New York and four major European cities remain in the race to hold the 2012 Summer Games as the International Olympic Committee yesterday eliminated four cities from the competition.
Paris, London, Madrid and Moscow also survived the cut that ended the bids of Istanbul, Havana, Rio de Janeiro and Leipzig, Germany, setting in motion what is likely to be a close and politically charged race to the finish. The IOC chooses its final city on July 6, 2005, in Singapore.
"We're happy to be here," New York City 2012 bid founder Dan Doctoroff said by phone from Lausanne, Switzerland, where the decision was announced by IOC President Jacques Rogge. "We're pleased with where we are. Now, the really, really hard work begins. It's going to be very interesting."
Yesterday's cut was based on a 98-page report of an IOC working group that issued grades in 11 technical areas, from finance to general infrastructure to transportation. Paris received the highest marks overall, followed by Madrid, London, New York, Moscow, Leipzig, Rio, Istanbul and Havana.
With the decision to eliminate all of the cities with less experience holding international sporting events, the IOC executive board ensured that the last 14 months of what has been a six-year competition will not be decided purely on emotion -- as happened with the 2008 selection when many IOC members said they chose Beijing over Toronto simply out of a desire to send the Summer Games to China for the first time.
Politics, however, likely will play a part, as it almost always does in the 125-member IOC. Though many expect New York's bid to suffer from the anti-American sentiment that the war in Iraq has engendered and the fact that the 2010 Winter Games will take place in North America (Vancouver), it could benefit greatly from a split among the European members of the organization, which are often viewed as a unified voting block.
Doctoroff declined to speculate on New York's chances.
"If you study the Olympic bidding process, you do realize that conventional wisdom is more often than not wrong," he said.
In its summary, the working group stated that it had a "high level of confidence" in the bids of Paris, New York, London and Madrid. It stated that it was "less certain" that Moscow could successfully hold the Summer Olympics and that the other cities lacked the "requisite level of capability."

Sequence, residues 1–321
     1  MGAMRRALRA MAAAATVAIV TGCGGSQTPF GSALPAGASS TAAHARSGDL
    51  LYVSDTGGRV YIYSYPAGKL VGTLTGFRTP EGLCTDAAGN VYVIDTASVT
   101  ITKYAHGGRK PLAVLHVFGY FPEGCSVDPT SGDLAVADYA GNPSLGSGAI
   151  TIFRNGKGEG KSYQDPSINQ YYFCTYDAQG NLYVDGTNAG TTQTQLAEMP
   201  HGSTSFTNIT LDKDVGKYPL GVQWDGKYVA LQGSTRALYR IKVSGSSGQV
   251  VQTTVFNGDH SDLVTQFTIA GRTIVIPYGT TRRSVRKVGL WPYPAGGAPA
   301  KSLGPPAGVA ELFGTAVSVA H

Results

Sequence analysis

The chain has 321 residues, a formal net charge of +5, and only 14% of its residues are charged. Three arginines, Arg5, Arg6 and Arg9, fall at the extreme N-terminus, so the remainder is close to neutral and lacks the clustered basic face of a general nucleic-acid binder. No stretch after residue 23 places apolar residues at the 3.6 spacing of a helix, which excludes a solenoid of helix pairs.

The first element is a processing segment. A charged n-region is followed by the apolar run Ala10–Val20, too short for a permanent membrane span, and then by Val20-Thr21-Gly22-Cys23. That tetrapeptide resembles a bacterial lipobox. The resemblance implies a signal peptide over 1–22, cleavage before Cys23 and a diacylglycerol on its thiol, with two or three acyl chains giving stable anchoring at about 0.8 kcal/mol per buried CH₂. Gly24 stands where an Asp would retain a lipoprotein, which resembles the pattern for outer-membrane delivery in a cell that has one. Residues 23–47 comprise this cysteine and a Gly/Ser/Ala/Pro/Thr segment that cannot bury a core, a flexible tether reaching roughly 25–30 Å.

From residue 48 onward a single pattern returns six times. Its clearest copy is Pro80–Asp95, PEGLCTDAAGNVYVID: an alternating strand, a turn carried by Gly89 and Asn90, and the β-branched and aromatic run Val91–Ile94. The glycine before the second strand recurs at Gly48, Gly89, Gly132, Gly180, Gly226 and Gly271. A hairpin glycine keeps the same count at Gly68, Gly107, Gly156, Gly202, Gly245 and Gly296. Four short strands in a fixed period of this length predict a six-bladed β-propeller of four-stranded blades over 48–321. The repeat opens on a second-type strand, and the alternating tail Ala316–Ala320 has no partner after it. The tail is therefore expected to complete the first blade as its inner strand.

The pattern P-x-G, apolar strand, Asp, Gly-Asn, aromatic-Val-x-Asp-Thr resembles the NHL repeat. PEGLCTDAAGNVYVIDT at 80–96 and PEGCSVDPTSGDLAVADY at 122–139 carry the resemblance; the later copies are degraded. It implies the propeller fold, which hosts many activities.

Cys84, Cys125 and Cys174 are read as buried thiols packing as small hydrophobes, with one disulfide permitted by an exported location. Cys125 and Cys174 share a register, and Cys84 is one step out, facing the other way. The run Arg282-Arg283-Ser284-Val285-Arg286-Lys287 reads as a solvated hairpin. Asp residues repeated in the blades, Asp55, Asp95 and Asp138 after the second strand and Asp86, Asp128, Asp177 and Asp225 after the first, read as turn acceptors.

Given the high marks it received and the fact that it has already bid twice for the Summer Games (1992 and 2008), Paris seems to be the early favorite.
"Our experience with previous bids has taught us a great deal about the needs and aspirations of the IOC," Paris bid chief Philippe Baudillon told the Associated Press in Lausanne. "We firmly believe that Paris will meet those needs."
New York did worst -- finishing dead last -- in the category of government support, legal issues and public opinion; and it finished seventh in the Olympic Village category. However, it received high marks for accommodation (tie for first); past sports events (second); and legacy, sports venues and general infrastructure (third).
Paris was lauded for its experience putting on a number of world championships, the men's soccer World Cup in 1998 and the Tour de France. New York was also praised for staging a number of world championships and the Goodwill Games, and hosting soccer World Cup games and the U.S. Open in tennis. Madrid, too, received high marks in that area and many others; it finished first or tied for first in five categories, leading to some early celebration from the city's supporters.
"We have been placed on the same level as major cities," Madrid Mayor Ruiz Gallardon said, according to the AP. "From now on we are going to have to be more demanding with ourselves."
Paris and London have each held two Olympic Games; Moscow held one in 1980. Though neither New York nor Madrid have held the Games, they have taken place in the United States many times, including in 2002 (Salt Lake City) and 1996 (Atlanta). In 1992, they were held in Barcelona.